Statutes, Regulations and Rules Cited:

Courts of Justice Act, R.S.O. 1990, c. 43, ss. 134, 134(1), 134(4), 134(7).


Colin L. Campbell, Q.C. and Harry G. Underwood, for the appellants.
Earl Cherniak, Q.C., Kirk F. Stevens and Robert Roth, for the respondents.

The judgment of the Court was delivered by



OVERVIEW . . . . . . . . . . . . . . . . . . . . . . . . . . 3

THE TRIAL JUDGMENT . . . . . . . . . . . . . . . . . . . . .10


THE EVIDENCE . . . . . . . . . . . . . . . . . . . . . . . .20


Pre-operative Investigations . . . . . . . . . . .22

       (ii) The May 26, 1983 Surgery . . . . . . . . . . . . .24

       (iii) The Pressure Readings . . . . . . . . . . . . . . 27


The Post-Operative Period. . . . . . . . . . . . .30

(a)  General References. . . . . . . . . . . . . .30

(b)  Jessica’s Progress in the ICU . . . . . . . .32

(c)  Jessica’s May 29, 1983 Surgery (The Second Surgery). . . . . . . . . . . . . . . . . . .36

THE STANDARD OF APPELLATE REVIEW . . . . . . . . . . . . . .38

ANALYSIS . . . . . . . . . . . . . . . . . . . . . . . . . .40


Overview (The significant evidence and the trial judge’s reasons for judgment). . . . . . . . . . .40

      (ii) The Duty and Standard of Care. . . . . . . . . . .52

      (iii)Causation . . . . . . . . . . . . . . . . . . . ..53

      (iv) The Liability of Dr. Williams. . . . . . . . . . .56

      (v)  The Liability of Dr. Smallhorn . . . . . . . . . .63

CROSS-APPEAL . . . . . . . . . . . . . . . . . . . . . . . .75

CONCLUSION . . . . . . . . . . . . . . . . . . . . . . . . .80

[Ed. note: Page numbers refer to paper copy only.]

  1. Jessica Hock, then four years old, sustained brain damage in May 1983, when she was a patient in the Hospital for Sick Children (the “Hospital”), for surgery to repair a congenital heart defect. The trial judge, Hawkins J., found that two of the defendants, William Williams (a cardiac surgeon) and Jeffrey Smallhorn (a cardiologist) were negligent and thus liable to the plaintiffs for damages, which the parties agreed to in the form of a structured settlement. Drs. Williams and Smallhorn appeal from the trial judge’s liability findings.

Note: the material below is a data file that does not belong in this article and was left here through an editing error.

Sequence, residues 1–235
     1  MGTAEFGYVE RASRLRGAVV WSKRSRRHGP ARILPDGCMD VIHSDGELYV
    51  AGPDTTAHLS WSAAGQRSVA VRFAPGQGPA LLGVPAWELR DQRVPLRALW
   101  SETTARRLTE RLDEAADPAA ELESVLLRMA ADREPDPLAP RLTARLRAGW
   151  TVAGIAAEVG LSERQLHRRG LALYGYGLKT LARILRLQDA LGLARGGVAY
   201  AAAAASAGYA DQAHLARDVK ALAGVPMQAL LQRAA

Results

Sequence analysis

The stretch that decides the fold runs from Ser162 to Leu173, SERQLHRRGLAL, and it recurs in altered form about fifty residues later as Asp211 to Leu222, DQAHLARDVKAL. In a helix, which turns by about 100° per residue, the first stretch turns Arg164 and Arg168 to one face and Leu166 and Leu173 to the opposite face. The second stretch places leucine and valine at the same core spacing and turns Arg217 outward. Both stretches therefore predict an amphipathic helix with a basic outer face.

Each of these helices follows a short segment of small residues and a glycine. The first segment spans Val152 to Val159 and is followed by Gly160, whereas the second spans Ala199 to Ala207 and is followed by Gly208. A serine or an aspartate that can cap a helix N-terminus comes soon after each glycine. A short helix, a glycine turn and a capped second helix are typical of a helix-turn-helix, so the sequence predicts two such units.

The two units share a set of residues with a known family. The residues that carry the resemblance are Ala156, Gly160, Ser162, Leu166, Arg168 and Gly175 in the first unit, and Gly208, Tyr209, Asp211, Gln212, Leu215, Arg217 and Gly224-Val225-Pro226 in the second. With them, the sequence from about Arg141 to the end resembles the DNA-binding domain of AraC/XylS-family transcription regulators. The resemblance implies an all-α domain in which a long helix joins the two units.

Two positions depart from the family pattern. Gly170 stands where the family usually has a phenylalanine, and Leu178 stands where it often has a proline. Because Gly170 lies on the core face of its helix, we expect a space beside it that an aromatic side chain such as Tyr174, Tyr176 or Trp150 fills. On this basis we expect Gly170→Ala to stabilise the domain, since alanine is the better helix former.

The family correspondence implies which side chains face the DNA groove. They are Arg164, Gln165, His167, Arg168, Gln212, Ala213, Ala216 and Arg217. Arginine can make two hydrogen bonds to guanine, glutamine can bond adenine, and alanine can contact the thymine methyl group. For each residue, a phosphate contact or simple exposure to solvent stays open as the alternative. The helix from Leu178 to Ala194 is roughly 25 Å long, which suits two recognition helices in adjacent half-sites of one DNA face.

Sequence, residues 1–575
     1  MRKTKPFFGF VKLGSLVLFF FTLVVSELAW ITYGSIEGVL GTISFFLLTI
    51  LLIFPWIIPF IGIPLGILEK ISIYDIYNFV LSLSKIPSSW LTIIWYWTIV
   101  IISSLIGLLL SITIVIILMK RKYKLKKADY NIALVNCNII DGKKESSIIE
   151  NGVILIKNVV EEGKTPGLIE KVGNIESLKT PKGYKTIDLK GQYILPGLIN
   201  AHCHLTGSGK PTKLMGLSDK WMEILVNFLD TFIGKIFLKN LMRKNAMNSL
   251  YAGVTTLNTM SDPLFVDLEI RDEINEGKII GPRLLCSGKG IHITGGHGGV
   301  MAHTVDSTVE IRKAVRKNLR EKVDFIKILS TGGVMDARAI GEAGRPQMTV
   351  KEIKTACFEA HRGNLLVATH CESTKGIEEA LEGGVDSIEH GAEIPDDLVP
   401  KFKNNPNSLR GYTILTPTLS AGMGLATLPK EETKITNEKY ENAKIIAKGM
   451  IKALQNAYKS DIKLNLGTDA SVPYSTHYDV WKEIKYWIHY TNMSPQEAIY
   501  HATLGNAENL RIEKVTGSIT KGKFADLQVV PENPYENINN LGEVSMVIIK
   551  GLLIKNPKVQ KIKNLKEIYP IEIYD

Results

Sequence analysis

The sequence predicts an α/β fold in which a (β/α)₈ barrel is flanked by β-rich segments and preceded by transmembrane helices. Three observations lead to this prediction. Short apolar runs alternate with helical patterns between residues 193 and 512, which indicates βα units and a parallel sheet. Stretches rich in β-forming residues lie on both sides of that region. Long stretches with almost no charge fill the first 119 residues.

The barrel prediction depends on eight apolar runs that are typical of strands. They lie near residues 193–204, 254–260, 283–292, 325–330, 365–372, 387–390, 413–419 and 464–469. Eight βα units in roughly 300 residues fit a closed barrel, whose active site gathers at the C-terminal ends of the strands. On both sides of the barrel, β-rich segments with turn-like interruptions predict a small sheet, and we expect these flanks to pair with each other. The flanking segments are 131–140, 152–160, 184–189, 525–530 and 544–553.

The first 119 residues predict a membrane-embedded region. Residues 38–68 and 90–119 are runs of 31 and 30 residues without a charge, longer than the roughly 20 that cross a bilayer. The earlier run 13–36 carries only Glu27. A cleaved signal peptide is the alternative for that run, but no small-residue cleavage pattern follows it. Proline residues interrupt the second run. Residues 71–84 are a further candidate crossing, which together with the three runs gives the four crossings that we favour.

2. The trial judge dismissed the plaintiffs’ action against all other defendants. The plaintiffs cross-appeal from that decision. The successful individual defendants were engaged in Jessica’s post-operative care in the Hospital’s intensive care unit (“ICU”). The plaintiffs also cross-appeal from the dismissal of their action against the Hospital which the plaintiffs submit employed ICU doctors Bohn and Mullins, both defendants against whom the action was dismissed.
  3. Finally, the plaintiffs seek leave to appeal from the trial judge’s order that required them to pay the costs of the successful defendants with no right to add those costs to the costs to which they were entitled from the unsuccessful defendants, Drs. Williams and Smallhorn. During the appeal we were advised that counsel would settle the issue of costs, or seek leave to make further submission on that issue, once this judgment is released. I will, therefore, not address the issue of costs apart from dealing with the costs of the appeal.

  5. I will refer to the evidence in more detail when I consider the issues raised in the appeal and cross-appeal. For now, I propose to set out in a general way how Jessica Hock came to be at the Hospital for Sick Children on May 23, 1983 for cardiac surgery and what happened to her while she was there.
  6. Jessica was born in Thunder Bay on June 22, 1978. She was periodically cyanotic and exhibited other signs of a heart defect. She was what is commonly referred to as a “blue baby.” As a result of what was thought from the outset to be a congenital heart defect, she was referred to Dr. Neelands, who in turn referred her to the Hospital for investigation on August 3, 1978.